Our Legal System Continues To Suffer From Random Drooling

As the latest pool of saliva in point, a patent lawsuit filed against NCsoft for creating MMOs. That’ll show ’em!

Specifically, the suit claims that NCsoft has infringed on patent 7,181,690, “System and Method for Enabling Users to Interact in a Virtual Space” through its games, including City of Heroes, City of Villains, Dungeon Runners, Exteel, Guild Wars, Lineage, Lineage II, and Tablula Rasa.

This, despite the fact that about 9 seconds of research would turn up quite a few “systems and methods for enabling users to interact in a virtual space” prior to the patent’s filing in 2000 – one of which was even listed in the complaint (Edit: as pointed out in comments, the patent refers to an earlier filing date of 1996 – which just barely precludes most Internet-era MMOs with the exception of Meridian:59 –  but there’s still no shortage of earlier titles.)

 

So why was NCsoft targeted specifically, and not, say, a somewhat larger and more well known company with thousands of slavering lawyers on standby ACHING to take your call? Well, as another lawyer speculated, Texas is like a whole other country.

“Being a foreign defendant in Texas is not a pleasant thing,” he said of NCsoft, which is primarily a Korean company. “The juries are, many would say, biased towards American plaintiffs and have a propensity to offer high damages. Some defendants might view them as an unfriendly jury and it might make the defendant more likely to settle.”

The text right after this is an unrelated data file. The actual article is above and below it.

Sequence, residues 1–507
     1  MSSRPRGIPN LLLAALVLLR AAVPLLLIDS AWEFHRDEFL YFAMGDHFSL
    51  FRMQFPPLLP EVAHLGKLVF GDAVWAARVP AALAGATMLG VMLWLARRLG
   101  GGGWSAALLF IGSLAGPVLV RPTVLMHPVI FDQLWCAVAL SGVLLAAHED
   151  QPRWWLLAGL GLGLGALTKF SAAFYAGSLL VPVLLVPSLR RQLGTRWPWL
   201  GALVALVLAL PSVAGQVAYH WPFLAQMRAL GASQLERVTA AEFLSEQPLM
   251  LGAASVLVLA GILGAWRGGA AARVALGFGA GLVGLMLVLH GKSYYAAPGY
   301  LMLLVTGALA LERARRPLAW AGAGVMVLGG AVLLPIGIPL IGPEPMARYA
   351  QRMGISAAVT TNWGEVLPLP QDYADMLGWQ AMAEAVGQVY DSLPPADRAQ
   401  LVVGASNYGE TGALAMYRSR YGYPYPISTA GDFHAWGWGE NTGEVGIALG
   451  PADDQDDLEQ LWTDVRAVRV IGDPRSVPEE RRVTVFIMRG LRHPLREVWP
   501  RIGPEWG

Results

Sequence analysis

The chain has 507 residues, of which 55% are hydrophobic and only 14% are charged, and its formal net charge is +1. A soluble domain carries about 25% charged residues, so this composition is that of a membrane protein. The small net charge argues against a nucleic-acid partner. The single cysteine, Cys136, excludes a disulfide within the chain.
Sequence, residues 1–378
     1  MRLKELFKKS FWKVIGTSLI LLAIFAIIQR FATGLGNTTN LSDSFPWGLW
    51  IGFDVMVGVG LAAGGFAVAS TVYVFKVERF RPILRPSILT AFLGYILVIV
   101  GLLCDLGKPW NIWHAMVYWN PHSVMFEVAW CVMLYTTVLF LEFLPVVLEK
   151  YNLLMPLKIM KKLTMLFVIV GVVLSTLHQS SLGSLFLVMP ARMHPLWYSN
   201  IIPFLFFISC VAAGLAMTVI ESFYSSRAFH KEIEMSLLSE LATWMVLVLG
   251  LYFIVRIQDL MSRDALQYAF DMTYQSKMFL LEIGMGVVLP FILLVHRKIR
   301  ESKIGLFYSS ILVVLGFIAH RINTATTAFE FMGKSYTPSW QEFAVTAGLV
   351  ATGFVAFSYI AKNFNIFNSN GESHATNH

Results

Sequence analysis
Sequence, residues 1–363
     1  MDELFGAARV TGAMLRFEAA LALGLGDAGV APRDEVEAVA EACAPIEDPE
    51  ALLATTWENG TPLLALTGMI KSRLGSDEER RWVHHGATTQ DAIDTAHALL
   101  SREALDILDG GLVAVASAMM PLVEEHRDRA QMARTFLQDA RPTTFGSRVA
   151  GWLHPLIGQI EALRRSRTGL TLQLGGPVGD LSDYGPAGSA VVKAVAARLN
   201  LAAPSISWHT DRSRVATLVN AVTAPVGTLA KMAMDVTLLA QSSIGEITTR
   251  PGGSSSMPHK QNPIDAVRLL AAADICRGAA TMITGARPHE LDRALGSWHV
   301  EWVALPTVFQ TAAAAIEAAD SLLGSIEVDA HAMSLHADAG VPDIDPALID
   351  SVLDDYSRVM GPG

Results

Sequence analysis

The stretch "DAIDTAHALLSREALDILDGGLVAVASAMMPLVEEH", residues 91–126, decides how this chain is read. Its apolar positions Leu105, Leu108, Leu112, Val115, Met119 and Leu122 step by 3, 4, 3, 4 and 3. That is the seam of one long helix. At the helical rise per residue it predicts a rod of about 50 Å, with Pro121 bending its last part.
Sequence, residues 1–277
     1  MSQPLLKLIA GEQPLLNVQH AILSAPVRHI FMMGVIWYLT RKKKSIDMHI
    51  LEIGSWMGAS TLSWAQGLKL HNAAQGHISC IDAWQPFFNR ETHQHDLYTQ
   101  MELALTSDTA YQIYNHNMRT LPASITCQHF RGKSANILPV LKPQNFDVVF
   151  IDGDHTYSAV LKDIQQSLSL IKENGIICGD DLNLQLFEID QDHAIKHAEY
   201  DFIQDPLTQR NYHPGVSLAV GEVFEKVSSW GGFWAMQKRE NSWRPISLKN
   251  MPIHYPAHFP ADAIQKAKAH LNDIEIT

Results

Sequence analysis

Uh huh. Riiiiight.

 

Worlds.com, when not targeting frivolous lawsuits on racial grounds, develops branded versions of the antediluvian “ActiveWorlds” system.

This dance happens quite often in the high tech industry – a company with no actual products files ridiculous patents, and then basically blackmails larger companies to take them to court, where (after the appropriate legal fees are paid out by all parties) the patent is thrown out as spurious after a clerk with five minutes of time on Google defines “prior art“.

And that brings us back to East Texas. Spectres of good upstanding Texas cowboys standing up to those uppity Asians raised by the quoted patent lawyer aside, the suit was filed in that district for a somewhat more mercenary reason.

Conditions never have been better for patent pirates. Patent cases in general are getting more expensive and difficult to defend. According to the 2003 American Intellectual Property Lawyers Association Economic Survey, it will cost a defendant in a patent action filed in Texas with between $1 million and $25 million at stake roughly $1.5 million just to get through discovery. Even worse, for that same amount at stake, the defendant is looking at spending more than $2.5 million if it has to go through trial.